- Decimals, percentages and fractions with numbers larger than 1: 7.2 magnitude quake, 3 ½ laps, 3.7% interest, 4 percentage points. Decimalization should not exceed two places in most text material. Exceptions: blood alcohol content, expressed in three decimals: as in 0.056, and batting averages in baseball, as in .324. For amounts less than 1, precede the decimal with a zero: The cost of living rose 0.03%. Spell out fractions less than 1, using hyphens between the words: two-thirds, four-fifths. In quotations, use figures for fractions: He was 2 ½ laps behind with four to go.
- Dimensions, to indicate depth, height, length, and width: He is 5 feet 6 inches tall, the 5-foot-6 man (“inch” is understood), the 5-foot man, the basketball team signed a 7-footer. The car is 17 feet long, 6 feet wide and 5 feet high. The rug is 9 feet by 12 feet, the 9-by-12 rug. A 9-inch snowfall. Exception: two-by-four. Spell out the noun, which refers to any length of untrimmed lumber approximately 2 inches thick by 4 inches wide.
- Monetary Units: 5 cents, $5 bill, 8 euros, 4 pounds.
- Rank: He was my No. 1 choice. (Not the abbreviation for “Number”). Kentucky was ranked No. 3. The band had five top 40 hits.
- Temperatures: Use figures, except zero. It was 8 degrees below zero or minus 8. The temperature dropped from 38 to 8 in two hours.
- Times: Use figures for time of day except for noon and midnight: 1 p.m., 10:30 a.m., 5 o’clock, 8 hours, 30 minutes, 20 seconds, a winning time of 2:17:3 (2 hours, 17 minutes, 3 seconds). Spell out numbers less than 10 standing alone and in modifiers: I’ll be there in five minutes. He scored with two seconds left. An eight-hour day. The two-minute warning.
- At the start of a sentence: In general, spell out numbers at the start of a sentence: forty years was a long time to wait. Fifteen to 20 cars were involved in the accident. An exception is years: 1992 was a very good year. Another exception: Numeral(s) and letter(s) combinations: 401(k) plans are offered. 4K TVs are flying off the shelves. 3D movies are drawing more fans.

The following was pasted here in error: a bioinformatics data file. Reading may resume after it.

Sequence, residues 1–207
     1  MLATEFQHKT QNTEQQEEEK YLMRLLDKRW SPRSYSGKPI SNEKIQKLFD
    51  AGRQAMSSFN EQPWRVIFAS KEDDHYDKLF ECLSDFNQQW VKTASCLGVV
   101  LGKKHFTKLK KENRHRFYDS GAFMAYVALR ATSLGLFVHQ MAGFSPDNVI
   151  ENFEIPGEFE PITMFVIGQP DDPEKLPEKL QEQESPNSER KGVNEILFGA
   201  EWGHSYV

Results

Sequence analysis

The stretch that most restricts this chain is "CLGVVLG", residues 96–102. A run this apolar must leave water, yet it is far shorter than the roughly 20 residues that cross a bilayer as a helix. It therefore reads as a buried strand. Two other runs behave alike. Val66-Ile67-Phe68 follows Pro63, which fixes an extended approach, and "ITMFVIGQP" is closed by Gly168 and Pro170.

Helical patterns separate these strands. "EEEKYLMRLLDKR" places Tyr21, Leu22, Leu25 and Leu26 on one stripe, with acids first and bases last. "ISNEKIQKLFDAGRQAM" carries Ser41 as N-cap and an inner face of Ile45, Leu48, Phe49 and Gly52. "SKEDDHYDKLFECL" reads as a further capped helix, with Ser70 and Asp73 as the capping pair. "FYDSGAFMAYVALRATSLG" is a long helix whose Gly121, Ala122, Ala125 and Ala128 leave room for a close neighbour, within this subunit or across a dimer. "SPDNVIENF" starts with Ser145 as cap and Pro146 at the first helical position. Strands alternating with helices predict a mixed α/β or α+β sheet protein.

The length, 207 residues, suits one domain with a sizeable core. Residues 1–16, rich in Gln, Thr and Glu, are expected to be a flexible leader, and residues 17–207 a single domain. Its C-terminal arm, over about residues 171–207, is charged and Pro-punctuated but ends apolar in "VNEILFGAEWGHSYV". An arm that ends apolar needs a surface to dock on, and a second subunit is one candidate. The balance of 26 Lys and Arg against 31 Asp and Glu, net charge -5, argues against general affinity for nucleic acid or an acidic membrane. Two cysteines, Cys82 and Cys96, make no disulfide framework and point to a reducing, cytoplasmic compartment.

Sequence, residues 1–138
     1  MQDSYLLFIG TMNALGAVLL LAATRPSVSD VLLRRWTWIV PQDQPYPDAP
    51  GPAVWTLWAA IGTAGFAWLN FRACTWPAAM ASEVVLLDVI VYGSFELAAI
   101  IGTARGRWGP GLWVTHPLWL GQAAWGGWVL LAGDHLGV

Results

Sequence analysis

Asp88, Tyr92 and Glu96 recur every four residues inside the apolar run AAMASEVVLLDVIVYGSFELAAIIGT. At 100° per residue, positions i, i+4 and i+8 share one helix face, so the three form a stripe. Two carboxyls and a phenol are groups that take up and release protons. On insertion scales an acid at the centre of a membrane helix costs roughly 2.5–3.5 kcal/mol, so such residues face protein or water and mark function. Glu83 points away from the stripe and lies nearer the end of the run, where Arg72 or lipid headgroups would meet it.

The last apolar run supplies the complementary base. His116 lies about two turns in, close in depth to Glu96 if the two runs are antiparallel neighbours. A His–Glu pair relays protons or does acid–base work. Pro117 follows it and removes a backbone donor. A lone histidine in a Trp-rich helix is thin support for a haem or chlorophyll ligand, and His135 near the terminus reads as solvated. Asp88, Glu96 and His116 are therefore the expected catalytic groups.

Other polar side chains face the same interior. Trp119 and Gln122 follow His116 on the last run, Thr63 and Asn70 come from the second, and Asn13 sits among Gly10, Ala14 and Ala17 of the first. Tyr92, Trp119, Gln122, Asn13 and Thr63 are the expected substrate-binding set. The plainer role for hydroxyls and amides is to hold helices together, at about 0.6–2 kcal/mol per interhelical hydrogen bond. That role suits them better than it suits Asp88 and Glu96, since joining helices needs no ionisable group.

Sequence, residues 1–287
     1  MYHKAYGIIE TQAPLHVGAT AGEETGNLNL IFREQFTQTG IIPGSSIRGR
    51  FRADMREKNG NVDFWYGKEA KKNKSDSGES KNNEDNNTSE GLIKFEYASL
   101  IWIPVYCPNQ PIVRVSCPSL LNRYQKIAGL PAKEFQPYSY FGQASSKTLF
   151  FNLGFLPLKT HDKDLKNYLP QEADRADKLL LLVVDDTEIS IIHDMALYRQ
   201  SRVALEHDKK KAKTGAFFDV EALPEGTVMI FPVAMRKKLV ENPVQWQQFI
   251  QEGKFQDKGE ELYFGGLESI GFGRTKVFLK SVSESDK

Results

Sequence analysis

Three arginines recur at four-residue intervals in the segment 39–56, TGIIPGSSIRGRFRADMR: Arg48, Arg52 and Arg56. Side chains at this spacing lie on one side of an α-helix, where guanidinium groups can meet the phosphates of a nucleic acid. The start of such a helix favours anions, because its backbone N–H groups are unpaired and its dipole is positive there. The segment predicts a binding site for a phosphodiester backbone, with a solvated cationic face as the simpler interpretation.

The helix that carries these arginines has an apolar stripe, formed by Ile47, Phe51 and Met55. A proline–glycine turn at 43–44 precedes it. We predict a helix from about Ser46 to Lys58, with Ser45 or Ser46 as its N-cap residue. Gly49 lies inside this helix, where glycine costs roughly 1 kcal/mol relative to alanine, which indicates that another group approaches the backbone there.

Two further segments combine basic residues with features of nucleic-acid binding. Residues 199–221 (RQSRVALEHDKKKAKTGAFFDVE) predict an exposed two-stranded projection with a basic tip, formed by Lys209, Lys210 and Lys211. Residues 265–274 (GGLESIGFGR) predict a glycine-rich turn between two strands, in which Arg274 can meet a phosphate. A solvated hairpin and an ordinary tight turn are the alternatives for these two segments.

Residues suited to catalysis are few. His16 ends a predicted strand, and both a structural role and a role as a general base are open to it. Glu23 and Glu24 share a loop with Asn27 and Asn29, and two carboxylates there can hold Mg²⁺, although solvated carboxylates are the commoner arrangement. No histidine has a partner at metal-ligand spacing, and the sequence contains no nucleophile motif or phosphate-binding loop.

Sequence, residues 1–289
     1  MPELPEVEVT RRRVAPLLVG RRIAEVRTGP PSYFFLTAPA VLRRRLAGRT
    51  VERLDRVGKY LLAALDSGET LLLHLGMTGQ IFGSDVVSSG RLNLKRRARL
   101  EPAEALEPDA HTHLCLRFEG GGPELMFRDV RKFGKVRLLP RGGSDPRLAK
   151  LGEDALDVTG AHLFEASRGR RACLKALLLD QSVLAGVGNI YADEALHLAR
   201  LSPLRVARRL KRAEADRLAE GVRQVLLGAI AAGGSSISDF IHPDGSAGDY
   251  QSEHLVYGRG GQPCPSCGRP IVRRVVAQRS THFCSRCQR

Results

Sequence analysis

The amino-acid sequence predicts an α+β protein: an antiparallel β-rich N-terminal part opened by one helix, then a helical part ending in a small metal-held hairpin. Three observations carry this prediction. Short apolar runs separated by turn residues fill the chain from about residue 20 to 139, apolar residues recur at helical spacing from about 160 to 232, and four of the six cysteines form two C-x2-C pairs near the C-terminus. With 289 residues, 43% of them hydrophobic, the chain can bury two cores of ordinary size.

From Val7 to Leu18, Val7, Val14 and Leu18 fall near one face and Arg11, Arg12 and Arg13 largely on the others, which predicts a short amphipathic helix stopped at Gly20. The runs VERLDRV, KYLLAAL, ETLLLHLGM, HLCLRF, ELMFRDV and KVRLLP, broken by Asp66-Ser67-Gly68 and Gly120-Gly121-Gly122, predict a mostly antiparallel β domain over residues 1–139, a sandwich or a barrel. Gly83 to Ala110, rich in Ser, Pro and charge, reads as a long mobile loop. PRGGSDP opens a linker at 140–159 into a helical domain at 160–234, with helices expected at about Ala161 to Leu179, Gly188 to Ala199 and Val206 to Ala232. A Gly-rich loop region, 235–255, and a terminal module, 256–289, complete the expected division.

- In indefinite and casual uses: Thanks a million. He walked a quarter of a mile. One at a time; a thousand clowns; one day we will know; an eleventh-hour decision; dollar store; a hundred dollars.
- If a sentence must contain incidental material, then commas or two dashes are frequently more effective. Use these alternatives whenever possible. There are occasions, however, when parentheses are the only effective means of inserting necessary background or reference information.
- Use the percent sign (%) when paired with a number: In 2011, Ohio University accepted about 85% of first-year applicants. But: 4 percentage points.
- Generally, omit periods in acronyms unless the result would spell an unrelated word. But use periods in most in most two-letter abbreviations: U.S., U.N., U.K., B.A., B.C. but not periods in GI, ID and EU, among others.
- In headlines, do not use periods in abbreviations, unless required for clarity.
- Use all caps, but no periods in longer abbreviations when the individual letters are pronounced: ABC, CIA, FBI.